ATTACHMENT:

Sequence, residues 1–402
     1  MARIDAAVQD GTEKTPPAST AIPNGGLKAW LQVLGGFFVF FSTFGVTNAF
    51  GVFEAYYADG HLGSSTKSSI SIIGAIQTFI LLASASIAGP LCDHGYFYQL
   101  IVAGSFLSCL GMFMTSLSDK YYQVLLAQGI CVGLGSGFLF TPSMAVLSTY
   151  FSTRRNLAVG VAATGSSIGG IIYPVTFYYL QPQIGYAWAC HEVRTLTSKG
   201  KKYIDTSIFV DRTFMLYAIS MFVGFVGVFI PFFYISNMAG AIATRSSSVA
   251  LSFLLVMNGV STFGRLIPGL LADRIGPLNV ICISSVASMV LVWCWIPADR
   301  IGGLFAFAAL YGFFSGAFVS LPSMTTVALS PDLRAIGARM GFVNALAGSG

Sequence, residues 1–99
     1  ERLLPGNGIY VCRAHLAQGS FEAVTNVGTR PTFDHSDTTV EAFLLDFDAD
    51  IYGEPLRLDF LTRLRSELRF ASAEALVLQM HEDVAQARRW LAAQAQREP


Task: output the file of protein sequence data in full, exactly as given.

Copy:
Sequence, residues 1–402
     1  MARIDAAVQD GTEKTPPAST AIPNGGLKAW LQVLGGFFVF FSTFGVTNAF
    51  GVFEAYYADG HLGSSTKSSI SIIGAIQTFI LLASASIAGP LCDHGYFYQL
   101  IVAGSFLSCL GMFMTSLSDK YYQVLLAQGI CVGLGSGFLF TPSMAVLSTY
   151  FSTRRNLAVG VAATGSSIGG IIYPVTFYYL QPQIGYAWAC HEVRTLTSKG
   201  KKYIDTSIFV DRTFMLYAIS MFVGFVGVFI PFFYISNMAG AIATRSSSVA
   251  LSFLLVMNGV STFGRLIPGL LADRIGPLNV ICISSVASMV LVWCWIPADR
   301  IGGLFAFAAL YGFFSGAFVS LPSMTTVALS PDLRAIGARM GFVNALAGSG

Sequence, residues 1–99
     1  ERLLPGNGIY VCRAHLAQGS FEAVTNVGTR PTFDHSDTTV EAFLLDFDAD
    51  IYGEPLRLDF LTRLRSELRF ASAEALVLQM HEDVAQARRW LAAQAQREP